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June 23, 2016 Off

13th U.S. Resident Linked to Islamic Extremism in 2016

Akram Musleh of Indiana, arrested for attempting to travel to join ISIS

Akram Musleh

Akram Musleh, an 18-year-old res­i­dent of Browns­burg, Indi­ana, was arrested on June 21 for attempt­ing to travel to join ISIS. Court doc­u­ments indi­cate that Musleh had been engag­ing with ter­ror­ist pro­pa­ganda since at least 2013, when Musleh was a 15-year-old high school student.

Accord­ing to author­i­ties, the FBI first came into con­tact with Musleh after it was dis­cov­ered that he posted three videos of Anwar al-Awlaki to YouTube in August 2013. Awlaki, an Amer­i­can cleric and English-language pro­pa­gan­dist for Al Qaeda in the Ara­bian Penin­sula, was killed in a drone strike in 2011, but his speeches and quotes remain pop­u­lar among extrem­ist indi­vid­u­als and those rad­i­cal­iz­ing today. Indeed, the major­ity of U.S. res­i­dents linked to ter­ror moti­vated by Islamic extrem­ism since 2011 have allegedly down­loaded mate­r­ial cre­ated by Awlaki or shared his speeches and state­ments on social media.

Upon find­ing the Awlaki speeches, court doc­u­ments indi­cate that the FBI met with offi­cials at Musleh’s high school, and coor­di­nated with them to dis­cour­age Musleh from radicalizing.

Follow-up took place at Musleh’s school. It is unclear whether any mea­sures could have been effec­tive in Musleh’s case; he had allegedly obtained infor­ma­tion on Awlaki from a fam­ily mem­ber, and so appar­ently had at least one close per­sonal con­tact encour­ag­ing his rad­i­cal­iza­tion. In any event, the mea­sures unfor­tu­nately failed.

In April 2014, court doc­u­ments indi­cate that Musleh asked minors at a park if they wanted to join ISIS. In 2015, Musleh allegedly made mul­ti­ple attempts to travel to Turkey or Iraq, areas adja­cent to ISIS-controlled ter­ri­tory that are often used ini­tially as des­ti­na­tions for indi­vid­u­als attempt­ing to join the group. In 2016, he allegedly researched attack tar­gets and explo­sive mate­ri­als, and then tried again to travel to join ISIS, this time in Libya, where the group has an active fac­tion. He was arrested en route from Indi­ana to New York, where he allegedly intended to catch a plane from John F. Kennedy Inter­na­tional Airport.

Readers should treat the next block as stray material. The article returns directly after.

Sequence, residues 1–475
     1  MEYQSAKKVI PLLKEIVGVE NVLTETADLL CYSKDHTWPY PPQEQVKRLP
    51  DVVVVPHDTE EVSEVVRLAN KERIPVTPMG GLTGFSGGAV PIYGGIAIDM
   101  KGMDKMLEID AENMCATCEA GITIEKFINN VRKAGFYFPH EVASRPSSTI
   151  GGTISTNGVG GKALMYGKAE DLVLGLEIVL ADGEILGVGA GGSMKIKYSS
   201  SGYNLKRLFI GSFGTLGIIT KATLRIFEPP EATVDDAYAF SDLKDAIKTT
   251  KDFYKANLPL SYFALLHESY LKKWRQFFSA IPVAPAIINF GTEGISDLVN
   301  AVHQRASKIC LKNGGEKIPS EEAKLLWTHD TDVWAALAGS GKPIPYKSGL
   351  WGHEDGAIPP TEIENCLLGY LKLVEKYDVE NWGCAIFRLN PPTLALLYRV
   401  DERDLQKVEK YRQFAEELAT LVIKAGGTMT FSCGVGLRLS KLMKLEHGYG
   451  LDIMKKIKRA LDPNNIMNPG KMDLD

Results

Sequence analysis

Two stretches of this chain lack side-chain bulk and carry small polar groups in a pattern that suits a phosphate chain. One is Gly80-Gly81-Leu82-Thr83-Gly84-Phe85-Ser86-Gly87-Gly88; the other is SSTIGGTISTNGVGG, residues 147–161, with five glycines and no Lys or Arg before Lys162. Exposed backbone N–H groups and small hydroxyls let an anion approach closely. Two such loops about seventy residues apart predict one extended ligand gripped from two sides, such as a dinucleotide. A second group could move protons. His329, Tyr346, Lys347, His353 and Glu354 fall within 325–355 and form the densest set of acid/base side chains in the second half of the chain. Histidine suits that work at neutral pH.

Musleh is not the only U.S. res­i­dent to rad­i­cal­ize while still in high school. In 2015, 4 minors in the U.S. were linked to activ­ity moti­vated by Islamic extrem­ist ide­ol­ogy. They are among a total of 25 U.S. res­i­dents aged 21 or younger linked to such activ­ity that year. Seven U.S. teenagers were linked to activ­ity moti­vated by Islamic extrem­ism in 2014.

In recog­ni­tion of this dis­turb­ing trend, ADL has released a series of resources for edu­ca­tors and school admin­is­tra­tors that pro­vide back­ground infor­ma­tion about extrem­ism and mass vio­lence among school-aged indi­vid­u­als and mate­ri­als for cre­at­ing resilience among their stu­dents. Among the mate­ri­als pro­vided is a back­ground report on mass vio­lence and extrem­ism geared specif­i­cally to edu­ca­tors and pro­duced in coop­er­a­tion with START, the National Con­sor­tium for the Study of Ter­ror­ism and Response to Ter­ror­ism, at the Uni­ver­sity of Mary­land. This back­grounder pro­vides infor­ma­tion about pre­cur­sors to vio­lent activ­ity and estab­lish­ing appro­pri­ate sup­port and refer­ral net­works. A sec­ond resource is a unique les­son plan focused on enabling stu­dents to rec­og­nize pro­pa­ganda if and when they encounter it and to become more dis­crim­i­nat­ing con­sumers of online mate­ri­als. Par­al­lel resources for par­ents are avail­able as well.

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May 24, 2016 Off

List of Americans who Joined ISIS Reinforces Statistical Trends

Douglas McAuthur McCain, among the Americans on the list, died in Syria in 2014

Dou­glas McAu­thur McCain, among the Amer­i­cans on the list, died in Syria in 2014

NBC recently released the names of 15 U.S. res­i­dents who allegedly trav­eled to join ISIS since 2013. The names had been pro­vided to the net­work by an indi­vid­ual who claimed to be a defec­tor from ISIS and were report­edly ver­i­fied by West Point’s Com­bat­ing Ter­ror­ism Cen­ter and other coun­tert­er­ror­ism specialists.

While three of the indi­vid­u­als on the list – Abdi Nur, Yusuf Jama, and Dou­glas McCain – had already been pub­licly known, the other 12 had not. The list serves as a reminder that, while a con­sid­er­able num­ber of U.S. res­i­dents who have attempted to travel to join ISIS have been iden­ti­fied, there are still more whose iden­ti­ties remain unclear – as many as 250 accord­ing to law enforce­ment sources. The names and back­grounds of indi­vid­u­als on the NBC list also serve as vital reminders of the diver­sity of the indi­vid­u­als attracted to Islamic extrem­ist ide­ol­ogy, and rein­forces what we do know about who these indi­vid­u­als are.

Indi­vid­u­als on the list came from across the U.S. Among the states rep­re­sented were Cal­i­for­nia, Mass­a­chu­setts, Min­nesota, New York , Ohio, Texas, Vir­ginia, and Wash­ing­ton. This geo­graphic diver­sity is no sur­prise. ADL’s analy­sis of U.S. res­i­dents linked to activ­ity moti­vated by Islamic extrem­ism between 2009 and 2015 indi­cated that the indi­vid­u­als had been arrested in 32 states, as well as inter­na­tion­ally. States with the high­est num­bers of arrests included New York, Min­nesota, Cal­i­for­nia and Illinois.